Only a few employers are considered exempt from Oregon’s proposed ban-the-box law, including law enforcement and criminal justice agencies, and those positions where state and/or federal law requires a clean criminal history.
The proposed law does not specify which employers must conform to ban-the-box practices. It is also not specified whether the law applies to those hiring private contractors.
If applicants feel they are being discriminated against, they may file a complaint with the Oregon Bureau of Labor and Industries, which can fine employers up to $1,000 per incident for violating ban-the-box practices.
Gov. Kate Brown is expected to sign the bill into law. If passed, the new law would go into effect on January 1, 2016, and would make Oregon the 17th state to pass a statewide ban-the-box law.
Posted in drug screening, drug testing policy, employee drug screening, failing drug tests
In a 6-0 decision, the Colorado Supreme Court has ruled that employers may lawfully terminate employees that fail drug tests due to marijuana usage, even if the drug is only used outside of working hours. The Court determined that zero-tolerance policies trump the legal usage of medical marijuana within the state.
The case was brought before the Court by Brandon Coats, who was fired from Dish Network in 2010 after failing a drug test due to medical marijuana usage. Coats had a medical marijuana card, and used the drug after he was in a car accident that left him a quadriplegic.
While the ruling is a disappointment for those who use medical marijuana legally in Colorado, the Court’s decision provides some much-needed clarity to employers. This ruling will allow employers to craft drug policies without the fear of being sued if they terminate a job due to a failed drug test. Employers are still allowed to determine whether they want or require a drug-free work zone, and can decide for themselves whether to instate zero-tolerance policies. (Some Colorado employers have eliminated THC from the list of drugs screened for during the pre-employment process.)
Coats and his attorneys have no current plans to take this case to a higher court. Medical marijuana is still illegal under federal law, and the U.S. Supreme Court would not be likely to side with employees who utilize marijuana when off the clock.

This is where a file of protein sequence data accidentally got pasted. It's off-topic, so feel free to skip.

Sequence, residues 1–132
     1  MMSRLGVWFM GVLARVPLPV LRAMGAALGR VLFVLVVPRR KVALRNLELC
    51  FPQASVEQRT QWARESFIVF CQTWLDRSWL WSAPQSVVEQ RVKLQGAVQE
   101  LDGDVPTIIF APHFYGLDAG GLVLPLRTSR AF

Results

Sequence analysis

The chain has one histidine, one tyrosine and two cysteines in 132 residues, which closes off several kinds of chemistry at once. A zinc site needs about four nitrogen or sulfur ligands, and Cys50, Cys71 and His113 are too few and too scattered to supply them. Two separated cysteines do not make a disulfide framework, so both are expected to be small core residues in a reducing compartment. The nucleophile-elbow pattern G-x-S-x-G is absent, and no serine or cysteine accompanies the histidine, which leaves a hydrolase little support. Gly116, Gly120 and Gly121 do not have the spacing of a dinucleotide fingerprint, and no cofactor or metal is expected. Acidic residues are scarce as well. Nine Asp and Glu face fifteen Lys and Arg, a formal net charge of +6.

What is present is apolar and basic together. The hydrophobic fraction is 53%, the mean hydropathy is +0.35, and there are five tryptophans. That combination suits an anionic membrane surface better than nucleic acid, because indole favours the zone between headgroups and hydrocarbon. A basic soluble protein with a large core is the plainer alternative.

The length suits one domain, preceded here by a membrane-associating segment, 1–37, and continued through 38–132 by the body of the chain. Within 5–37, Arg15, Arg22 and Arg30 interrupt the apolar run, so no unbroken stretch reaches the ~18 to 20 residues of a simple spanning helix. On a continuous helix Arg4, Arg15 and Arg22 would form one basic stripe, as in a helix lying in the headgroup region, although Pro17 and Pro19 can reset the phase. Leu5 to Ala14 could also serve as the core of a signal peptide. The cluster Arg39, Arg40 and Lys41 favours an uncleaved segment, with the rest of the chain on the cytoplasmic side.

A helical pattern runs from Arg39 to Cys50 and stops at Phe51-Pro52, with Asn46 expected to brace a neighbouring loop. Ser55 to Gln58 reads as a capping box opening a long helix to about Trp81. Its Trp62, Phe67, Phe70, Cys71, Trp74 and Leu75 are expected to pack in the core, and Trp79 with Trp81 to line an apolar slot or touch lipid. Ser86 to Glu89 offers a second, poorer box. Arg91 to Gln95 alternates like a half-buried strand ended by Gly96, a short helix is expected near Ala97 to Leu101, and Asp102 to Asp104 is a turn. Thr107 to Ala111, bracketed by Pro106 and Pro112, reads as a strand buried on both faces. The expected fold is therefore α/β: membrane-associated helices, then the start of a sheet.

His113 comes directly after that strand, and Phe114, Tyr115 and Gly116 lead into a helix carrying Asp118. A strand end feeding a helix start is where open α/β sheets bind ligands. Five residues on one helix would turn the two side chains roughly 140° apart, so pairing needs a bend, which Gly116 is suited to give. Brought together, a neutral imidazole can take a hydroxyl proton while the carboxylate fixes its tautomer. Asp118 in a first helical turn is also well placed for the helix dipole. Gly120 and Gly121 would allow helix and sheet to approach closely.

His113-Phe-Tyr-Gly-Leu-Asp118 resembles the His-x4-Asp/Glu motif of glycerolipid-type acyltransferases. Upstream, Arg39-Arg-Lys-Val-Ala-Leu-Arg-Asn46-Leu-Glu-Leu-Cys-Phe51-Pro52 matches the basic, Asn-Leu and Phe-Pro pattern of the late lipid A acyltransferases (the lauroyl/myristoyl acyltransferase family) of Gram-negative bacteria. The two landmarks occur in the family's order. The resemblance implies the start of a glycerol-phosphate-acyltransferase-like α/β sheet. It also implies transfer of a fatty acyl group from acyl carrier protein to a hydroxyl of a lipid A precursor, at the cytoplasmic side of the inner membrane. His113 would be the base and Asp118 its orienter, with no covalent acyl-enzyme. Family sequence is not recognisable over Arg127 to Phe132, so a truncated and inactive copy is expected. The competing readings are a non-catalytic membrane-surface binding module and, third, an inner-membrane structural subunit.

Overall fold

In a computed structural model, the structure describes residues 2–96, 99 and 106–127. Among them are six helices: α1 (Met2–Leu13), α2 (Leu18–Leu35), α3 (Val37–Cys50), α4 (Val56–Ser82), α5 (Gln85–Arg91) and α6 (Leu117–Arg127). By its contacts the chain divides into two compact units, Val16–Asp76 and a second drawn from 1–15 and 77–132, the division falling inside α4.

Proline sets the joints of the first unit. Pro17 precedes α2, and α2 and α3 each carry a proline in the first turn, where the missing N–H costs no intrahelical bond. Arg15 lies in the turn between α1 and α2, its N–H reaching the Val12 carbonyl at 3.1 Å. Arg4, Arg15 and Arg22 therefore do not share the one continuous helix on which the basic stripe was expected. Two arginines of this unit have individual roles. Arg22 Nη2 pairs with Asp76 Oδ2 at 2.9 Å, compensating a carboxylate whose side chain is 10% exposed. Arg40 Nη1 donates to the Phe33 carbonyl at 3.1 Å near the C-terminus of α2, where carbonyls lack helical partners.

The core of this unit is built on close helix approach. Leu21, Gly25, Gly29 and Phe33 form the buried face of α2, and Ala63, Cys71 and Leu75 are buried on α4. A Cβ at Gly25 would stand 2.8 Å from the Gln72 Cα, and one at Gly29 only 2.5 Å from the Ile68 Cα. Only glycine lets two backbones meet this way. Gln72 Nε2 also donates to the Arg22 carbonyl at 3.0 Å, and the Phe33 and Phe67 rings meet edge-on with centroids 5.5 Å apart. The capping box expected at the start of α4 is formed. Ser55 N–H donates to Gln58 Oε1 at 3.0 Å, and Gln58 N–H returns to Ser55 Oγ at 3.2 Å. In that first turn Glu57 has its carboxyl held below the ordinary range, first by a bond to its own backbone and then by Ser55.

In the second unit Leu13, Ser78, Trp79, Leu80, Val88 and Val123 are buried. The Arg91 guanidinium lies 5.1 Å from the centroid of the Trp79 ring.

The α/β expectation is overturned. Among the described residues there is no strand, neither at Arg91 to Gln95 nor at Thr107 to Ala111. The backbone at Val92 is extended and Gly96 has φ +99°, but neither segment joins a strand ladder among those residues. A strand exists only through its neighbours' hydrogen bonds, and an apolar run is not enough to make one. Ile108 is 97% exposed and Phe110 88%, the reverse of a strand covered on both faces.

“You need the Colorado Supreme Court to stand up for its own laws,” said Michael Evans, Coats’ attorney. “The U.S. Supreme Court is not going to do that.”
Posted in Department of Energy, federal contractors
The U.S. Department of Energy recently conducted an audit of two nuclear weapons facilities in New Mexico — Los Alamos and Sandia national laboratories — and has brought down stiff fines on government contractors at those labs for failing to secure nuclear information and materials, and putting national security at risk.
The audit found that, in 2007, Los Alamos National Laboratories was supposed to destroy nuclear materials at a disposal site in Nevada. It could not be confirmed that the materials ever left the facility, nor could it be confirmed that they ever arrived in Nevada. Five years passed before anyone noticed that the nuclear components had been misplaced.
Due to this event, the company that operates Los Alamos laboratory must pay $247,000 in fines, in addition to unrelated fines for safety violations.
Meanwhile, Sandia National Laboratory (which is run by managing contractor Lockheed Martin) was fined $577,500 for allowing classified nuclear weapons information to be accessed between 1997 and 2011 via unsecured web servers and PowerPoint demonstrations, which were handed out on CDs. Nuclear weapons design information was available to the public, due to 47 instances of a classified PowerPoint presentation online.
According to last year’s performance evaluation of the lab, “Sandia continues to experience a significant number of security incidents, topping out at 190 incidents of security concern in fiscal year 2014.”
Lockheed Martin was granted more than $26 million in government bonuses in 2014 for operating the lab.
These two missteps alone could have had severe consequences for national security. However, these are not the first incidences of trouble for labs in New Mexico. Los Alamos’ activities had previously been suspended in both 2004 and 2006 after classified information was lost or taken by lab employees.